If the weather relents for the Bank Holiday, the Running Fox could be ahead of the pack again. A delay of 50 minutes was followed by two more breaks for heavy rain, keeping David Millns refreshed and leaving Hampshire's batsmen looking un-nerved by his lift and pace and unable to settle in to the innings.
Millns, next to Devon Malcolm, is the fastest Englishman and a very good case could have been made for his opening the England bowling with Andrew Caddick at the Oval. He was altogether too quick and ferocious for all but Robin Smith here.
Leicestershire needed only five overs to ensure maximum batting points - in a season when the title could be decided by bonus points - showing in that short spell how their confidence brings luck. With seven runs needed for 350, Paul Nixon, the man who could have guaranteed them, fell to the third ball.
Two runs later, Matthew Brimson, the last man, was dropped at midwicket off Simon Renshaw. He then twice edged Jim Bovill for four before being bowled.
Two dazzling slip catches by Phil Simmons brought Robin Smith walking in to a familiar Hampshire crisis at 20 for two. He had time to attempt to hook Millns before the next shower, top-edging for six, and signalled the resumption with a beautifully timed off-drive, off the same bowler, for four. His next score brought Paul Whitaker to Millns' end and an angry fast bowler hurled a grenade into the stumps. By then Parsons had returned for his second spell and, by varying his length and making the ball seam, he ripped out the middle order with three wickets in nine balls for no runs. His first victim, Smith, was bowled playing back.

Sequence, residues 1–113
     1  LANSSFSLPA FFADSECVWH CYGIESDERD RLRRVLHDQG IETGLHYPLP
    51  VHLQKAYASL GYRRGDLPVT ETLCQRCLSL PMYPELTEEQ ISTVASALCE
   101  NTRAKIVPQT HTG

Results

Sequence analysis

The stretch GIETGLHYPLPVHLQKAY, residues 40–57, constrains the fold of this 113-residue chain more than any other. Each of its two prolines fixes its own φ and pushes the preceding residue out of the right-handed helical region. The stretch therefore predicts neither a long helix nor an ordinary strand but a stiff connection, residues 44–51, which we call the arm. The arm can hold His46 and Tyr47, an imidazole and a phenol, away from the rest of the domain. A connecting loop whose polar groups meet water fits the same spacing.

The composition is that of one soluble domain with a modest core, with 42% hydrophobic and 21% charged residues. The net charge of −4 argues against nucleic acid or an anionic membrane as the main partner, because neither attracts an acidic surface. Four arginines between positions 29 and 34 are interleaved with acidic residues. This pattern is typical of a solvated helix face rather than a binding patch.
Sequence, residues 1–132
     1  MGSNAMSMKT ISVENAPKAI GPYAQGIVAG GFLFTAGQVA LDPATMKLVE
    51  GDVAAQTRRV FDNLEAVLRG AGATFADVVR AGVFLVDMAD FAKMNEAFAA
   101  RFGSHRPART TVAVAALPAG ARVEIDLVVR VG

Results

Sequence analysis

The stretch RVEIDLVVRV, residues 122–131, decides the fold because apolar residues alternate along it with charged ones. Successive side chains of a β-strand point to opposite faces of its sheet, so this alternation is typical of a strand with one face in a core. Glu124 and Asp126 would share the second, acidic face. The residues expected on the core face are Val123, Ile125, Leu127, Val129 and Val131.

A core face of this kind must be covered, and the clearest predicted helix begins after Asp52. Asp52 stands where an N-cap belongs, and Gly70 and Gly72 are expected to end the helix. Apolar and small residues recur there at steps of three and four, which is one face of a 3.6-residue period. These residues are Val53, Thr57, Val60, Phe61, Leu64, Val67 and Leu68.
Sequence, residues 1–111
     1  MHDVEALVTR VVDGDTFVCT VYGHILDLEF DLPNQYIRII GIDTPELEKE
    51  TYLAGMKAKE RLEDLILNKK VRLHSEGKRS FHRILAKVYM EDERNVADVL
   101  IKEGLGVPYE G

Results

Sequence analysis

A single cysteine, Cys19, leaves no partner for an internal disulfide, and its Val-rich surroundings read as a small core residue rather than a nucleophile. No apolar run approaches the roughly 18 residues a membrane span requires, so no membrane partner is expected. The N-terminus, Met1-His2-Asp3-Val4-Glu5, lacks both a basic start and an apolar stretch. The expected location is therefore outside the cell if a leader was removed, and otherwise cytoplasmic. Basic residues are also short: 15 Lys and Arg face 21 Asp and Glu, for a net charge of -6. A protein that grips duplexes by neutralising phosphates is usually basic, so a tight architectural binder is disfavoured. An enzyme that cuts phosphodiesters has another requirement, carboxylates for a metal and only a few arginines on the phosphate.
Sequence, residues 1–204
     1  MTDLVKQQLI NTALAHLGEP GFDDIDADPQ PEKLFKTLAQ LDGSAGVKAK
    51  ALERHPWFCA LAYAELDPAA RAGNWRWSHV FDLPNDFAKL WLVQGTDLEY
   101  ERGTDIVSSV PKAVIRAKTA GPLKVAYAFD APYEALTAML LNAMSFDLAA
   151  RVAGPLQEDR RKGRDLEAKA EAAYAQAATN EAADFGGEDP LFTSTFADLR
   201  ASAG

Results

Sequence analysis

Adrian Aymes, who possibly had a great uncle at the Battle of Little Big Horn with Custer, again rallied the survivors, helping Will Kendall and Shaun Udal to inch the score, with the ball flying regularly above, between and in front of slips, towards the relative respectability of three figures.
So can Leicestershire win their first Championship since 1975? Yes, in a tight finish to a summer in which there has been no outstanding team. They have speed, spin, audacious batting and infectious catching. But are they as good as Ray Illingworth's team?
One observer, who had no wish to be named, said: "No. I don't want to knock Jimmy's side but Raymond's had five or six Test players and were at their peak. We'll know how good this team is after they've won something. Have they time to grow?"Reuse content